Robo-taxis are coming. Singapore will be testing vehicles as early as next year, and ultimately they could prove significantly cheaper and more popular than current mass-transit systems.

Serious disruption is looming for the transport industry, and car sales may be negatively impacted, but if carmakers and other industry players approach the transition wisely, new opportunities will arise.

Asia’s innovation boom: Where it’s happening and why it matters

Asia's R&D spend is on track to exceed Europe and the US combined by 2020. But which countries are innovating, what are the implications and are investors pricing in the potential?

These and other key questions are answered by Niall MacLeod, Head of Asian Equity Research Strategy at UBS Securities Asia.

Electric Vehicles: Who wins under the hood?

Electric Vehicles are going mainstream, but when will they become profitable for manufacturers, and which sectors and firms are set to benefit the most?

UBS strips down a 2017 Chevy Bolt and lets a team of 39 analysts loose on its 563 parts to find out where the profits lie in what’s set to be a major industrial disruption.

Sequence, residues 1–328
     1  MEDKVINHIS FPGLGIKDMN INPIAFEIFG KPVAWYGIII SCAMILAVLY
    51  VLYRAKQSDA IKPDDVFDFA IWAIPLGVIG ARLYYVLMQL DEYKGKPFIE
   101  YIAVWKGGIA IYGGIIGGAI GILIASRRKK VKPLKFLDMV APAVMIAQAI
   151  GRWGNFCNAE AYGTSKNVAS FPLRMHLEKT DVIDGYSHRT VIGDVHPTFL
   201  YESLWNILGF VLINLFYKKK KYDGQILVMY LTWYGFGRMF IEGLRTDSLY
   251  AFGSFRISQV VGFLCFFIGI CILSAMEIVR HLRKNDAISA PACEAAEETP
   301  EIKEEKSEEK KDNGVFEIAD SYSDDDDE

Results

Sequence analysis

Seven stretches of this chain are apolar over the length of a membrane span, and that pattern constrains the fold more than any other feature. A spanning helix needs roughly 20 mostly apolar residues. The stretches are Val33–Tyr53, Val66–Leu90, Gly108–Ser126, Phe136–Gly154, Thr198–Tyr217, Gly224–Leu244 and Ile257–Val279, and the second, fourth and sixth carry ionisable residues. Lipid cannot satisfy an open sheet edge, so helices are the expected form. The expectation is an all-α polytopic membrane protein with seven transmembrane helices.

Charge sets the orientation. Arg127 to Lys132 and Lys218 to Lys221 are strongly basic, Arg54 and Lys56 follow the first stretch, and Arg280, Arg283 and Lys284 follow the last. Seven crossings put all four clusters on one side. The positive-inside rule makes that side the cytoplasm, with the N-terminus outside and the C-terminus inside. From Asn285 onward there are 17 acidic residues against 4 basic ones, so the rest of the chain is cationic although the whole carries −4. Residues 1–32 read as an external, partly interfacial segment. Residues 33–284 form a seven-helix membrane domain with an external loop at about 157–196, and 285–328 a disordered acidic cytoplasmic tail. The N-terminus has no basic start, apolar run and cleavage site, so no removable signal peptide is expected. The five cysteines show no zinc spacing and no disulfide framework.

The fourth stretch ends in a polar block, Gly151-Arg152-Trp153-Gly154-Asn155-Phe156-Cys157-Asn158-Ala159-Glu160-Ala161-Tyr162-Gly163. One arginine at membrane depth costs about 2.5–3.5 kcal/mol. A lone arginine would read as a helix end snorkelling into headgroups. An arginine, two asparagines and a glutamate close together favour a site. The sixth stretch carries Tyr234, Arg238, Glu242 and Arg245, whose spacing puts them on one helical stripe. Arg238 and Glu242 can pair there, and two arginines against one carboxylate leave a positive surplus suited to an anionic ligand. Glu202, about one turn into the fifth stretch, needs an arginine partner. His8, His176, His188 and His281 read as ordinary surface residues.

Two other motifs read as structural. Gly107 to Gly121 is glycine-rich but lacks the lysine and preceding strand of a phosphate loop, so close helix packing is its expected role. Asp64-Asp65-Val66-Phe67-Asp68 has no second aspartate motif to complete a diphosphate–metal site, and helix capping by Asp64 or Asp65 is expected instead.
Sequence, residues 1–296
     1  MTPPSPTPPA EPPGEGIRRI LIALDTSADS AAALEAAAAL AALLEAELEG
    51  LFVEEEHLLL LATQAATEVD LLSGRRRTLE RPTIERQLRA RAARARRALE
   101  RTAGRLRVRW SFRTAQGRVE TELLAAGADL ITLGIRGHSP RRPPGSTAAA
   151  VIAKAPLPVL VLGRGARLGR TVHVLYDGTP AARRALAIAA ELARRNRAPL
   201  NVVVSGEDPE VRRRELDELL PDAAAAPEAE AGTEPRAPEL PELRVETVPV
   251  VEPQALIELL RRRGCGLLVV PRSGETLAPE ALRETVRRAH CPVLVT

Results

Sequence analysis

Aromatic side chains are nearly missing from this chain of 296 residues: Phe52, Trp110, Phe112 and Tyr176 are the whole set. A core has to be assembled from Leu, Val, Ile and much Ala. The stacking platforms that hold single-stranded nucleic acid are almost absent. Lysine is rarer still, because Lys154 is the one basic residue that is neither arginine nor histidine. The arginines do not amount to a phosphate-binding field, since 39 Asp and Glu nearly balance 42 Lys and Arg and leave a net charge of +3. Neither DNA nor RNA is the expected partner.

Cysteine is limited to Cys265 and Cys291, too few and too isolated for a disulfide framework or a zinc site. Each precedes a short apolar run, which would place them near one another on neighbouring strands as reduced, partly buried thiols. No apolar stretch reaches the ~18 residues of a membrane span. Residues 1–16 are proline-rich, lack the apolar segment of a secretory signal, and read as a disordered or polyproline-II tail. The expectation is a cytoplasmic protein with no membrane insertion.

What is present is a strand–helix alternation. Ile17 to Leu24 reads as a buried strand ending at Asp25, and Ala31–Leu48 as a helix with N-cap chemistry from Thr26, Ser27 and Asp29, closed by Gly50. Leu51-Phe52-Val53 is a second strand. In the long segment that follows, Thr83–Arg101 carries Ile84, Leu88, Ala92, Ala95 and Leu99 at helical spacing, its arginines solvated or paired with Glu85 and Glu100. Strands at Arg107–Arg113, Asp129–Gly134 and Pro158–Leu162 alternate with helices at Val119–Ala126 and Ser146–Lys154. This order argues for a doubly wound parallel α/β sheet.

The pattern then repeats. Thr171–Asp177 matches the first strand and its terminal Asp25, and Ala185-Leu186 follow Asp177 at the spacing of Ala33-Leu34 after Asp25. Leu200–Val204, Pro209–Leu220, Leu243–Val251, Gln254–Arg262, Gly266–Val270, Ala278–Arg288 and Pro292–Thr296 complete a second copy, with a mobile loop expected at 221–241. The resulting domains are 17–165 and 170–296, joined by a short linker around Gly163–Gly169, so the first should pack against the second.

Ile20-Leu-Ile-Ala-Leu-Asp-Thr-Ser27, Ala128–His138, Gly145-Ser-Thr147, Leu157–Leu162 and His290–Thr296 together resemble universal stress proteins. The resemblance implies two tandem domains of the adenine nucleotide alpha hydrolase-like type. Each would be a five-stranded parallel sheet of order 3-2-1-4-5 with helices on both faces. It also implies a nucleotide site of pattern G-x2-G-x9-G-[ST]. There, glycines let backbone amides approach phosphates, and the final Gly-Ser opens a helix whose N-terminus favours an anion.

Protectionism in Practice: Examining the economic impact of tariffs

If the US put tariffs on Chinese goods, the impact would be felt way beyond the borders of both countries. China is the world’s biggest exporter, but it’s also the second biggest importer, with many of those imports coming from other Asian countries

Ben Rhodes, Former US Deputy National Security Advisor and Dr. Tao Wang, Chief China Economist at UBS discuss the economic and geopolitical ramifications of potential US protectionism.

Active vs passive investing: Alpha and beta go head to head

There’s been a boom in passive investment since the turn of the millennium, channeling the flow of capital away from mutual funds into hedge funds and sector specialists. But how far can beta go, and will alpha undergo a renaissance?

UBS Investment Bank’s Paul Winter, Head of Quantitative Research - Asia Pacific, and Shane Edwards, Global Head of Structured Solutions, look at the future of investment.